(2017—Director: Guy Ritchie)
★★ 1/2 (out of 5 stars)
Director Guy Ritchie (Snatch, Sherlock Holmes, The Man From U.N.C.L.E.) tends to emphasize style over substance in his films. This remains the case with his latest work—Warner Bros.’s King Arthur: Legend of the Sword. Ritchie tries to combine the classical nature of Arthurian legends with his trademark montages and quick cuts. The result amounts largely to a hit-and-miss cinematic affair. It overwhelms the senses, but leaves the slightest trace of an impact in the memory.
It is the middle of the first millennium in the land of Britain, a land where people and magic-wielding mages thrive. Lusting for power, Vortigern (Jude Law) usurps the throne from his older brother King Uther Pendragon (Eric Bana). Vortigern then kills the king and the king’s wife by harnessing dark magic. Luckily, the king’s young son manages to drift away on a boat to another city, where prostitutes name him Arthur and raise him to manhood.
As King Vortigern allows the kingdom to fall into general poverty and crime, Arthur (Charlie Hunnam) grows into a formidable and street-wise fighter. He finds himself forced along with other men of his age to try to pull the newly rediscovered Excalibur from the surrounding stone. Arthur (not knowing that the sword had belonged to his father) succeeds in pulling it, which arouses Vortigern’s attention. Fortunately, former allies of Arthur’s father rescue him before his uncle can execute him. Arthur must now learn how to wield his late father’s great sword and lead his new friends to defeat his wretched and power-hungry uncle and reclaim his rightful place on the throne.
As the potential first installment to Warner Bros.’ multi-part update of the Arthurian legends, King Arthur: Legend of the Sword tries too hard to impress in its two-hour runtime. The story feels no need to slow down and develop its side characters while forcing Charlie Hunnam to carry the film on his own. Hunnam may impress as a male lead (as demonstrated in The Lost City of Z, already an underrated gem of 2017), but his level of charisma still requires the supporting actors to pitch their share (which barely happens here). Hunnam’s personality and knack for dry humor does shine best when director Ritchie employs his trusty and slick montages (most of which easily make up the most entertaining segments of King Arthur). In interviews, Hunnam has expressed that playing King Arthur had been a childhood dream of his and he clearly shows his love for the material in his performance. Still, it requires needless patience to look past the wasted supporting acting talent, murky and unconvincing special effects, and altogether cool but shallow direction by Guy Ritchie to appreciate Hunnam’s dedication to the project.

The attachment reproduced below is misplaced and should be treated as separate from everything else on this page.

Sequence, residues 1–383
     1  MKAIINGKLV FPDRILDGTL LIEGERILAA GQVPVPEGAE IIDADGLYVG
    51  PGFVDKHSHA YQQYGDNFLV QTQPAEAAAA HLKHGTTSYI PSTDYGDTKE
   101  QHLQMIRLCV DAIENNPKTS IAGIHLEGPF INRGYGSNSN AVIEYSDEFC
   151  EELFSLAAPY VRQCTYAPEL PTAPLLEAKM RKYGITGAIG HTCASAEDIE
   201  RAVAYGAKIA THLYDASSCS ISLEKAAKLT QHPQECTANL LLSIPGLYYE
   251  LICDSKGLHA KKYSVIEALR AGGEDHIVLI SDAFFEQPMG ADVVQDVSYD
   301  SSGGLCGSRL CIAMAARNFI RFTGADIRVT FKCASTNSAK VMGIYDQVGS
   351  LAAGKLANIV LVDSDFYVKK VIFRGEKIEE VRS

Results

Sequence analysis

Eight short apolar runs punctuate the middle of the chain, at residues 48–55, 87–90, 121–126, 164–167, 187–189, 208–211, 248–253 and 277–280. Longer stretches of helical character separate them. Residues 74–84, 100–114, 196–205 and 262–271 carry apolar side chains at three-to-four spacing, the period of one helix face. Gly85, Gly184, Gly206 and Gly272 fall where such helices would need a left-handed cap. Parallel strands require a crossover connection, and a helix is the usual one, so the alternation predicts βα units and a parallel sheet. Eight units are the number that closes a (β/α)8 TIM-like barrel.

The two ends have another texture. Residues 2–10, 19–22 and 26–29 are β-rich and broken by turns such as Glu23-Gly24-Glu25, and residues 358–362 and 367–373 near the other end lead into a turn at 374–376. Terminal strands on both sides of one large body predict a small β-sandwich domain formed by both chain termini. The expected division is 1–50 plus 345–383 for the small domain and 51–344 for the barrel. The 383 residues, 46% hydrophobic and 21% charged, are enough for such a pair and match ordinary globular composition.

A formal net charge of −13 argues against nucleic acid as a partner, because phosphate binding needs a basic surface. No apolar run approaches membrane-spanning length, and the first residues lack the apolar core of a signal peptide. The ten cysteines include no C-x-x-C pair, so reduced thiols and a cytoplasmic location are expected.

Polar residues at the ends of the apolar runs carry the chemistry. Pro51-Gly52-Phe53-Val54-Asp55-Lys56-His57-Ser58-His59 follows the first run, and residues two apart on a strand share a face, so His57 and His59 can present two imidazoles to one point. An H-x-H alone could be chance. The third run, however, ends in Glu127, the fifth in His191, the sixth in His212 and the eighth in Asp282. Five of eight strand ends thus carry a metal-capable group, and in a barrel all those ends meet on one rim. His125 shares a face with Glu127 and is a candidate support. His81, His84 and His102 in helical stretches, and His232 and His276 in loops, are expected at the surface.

It is both sad and hilarious that the King Arthur’s box office failure and likely $150 million loss for Warner Bros. has overshadowed even the film itself. Its tracking has led finance experts to scold Hollywood to create more original material with cost-effective budgets. This makes perfect sense, since nowhere during King Arthur’s runtime would I say, “Yup, that looks like $175 million well-spent to me.” What sense is there when a $250K film (Sleight) thrilled me more than a $175 million studio blockbuster franchise entry? May this film serve as a case study for producers to consider when putting together new stories with more modest budgets.
(Parents’ Note: King Arthur contains mostly sword and arrow violence with some realistic depictions of bloody wounds and progressive scratches on faces. Some brief glimpses of brothel activity occur during the montage in which Arthur grows up. There are two scenes where characters’ throats are slit, but the film cuts away to the reaction(s) of other characters before any penetration or blood are seen and in both cases, the victims are never seen clearly on camera again.)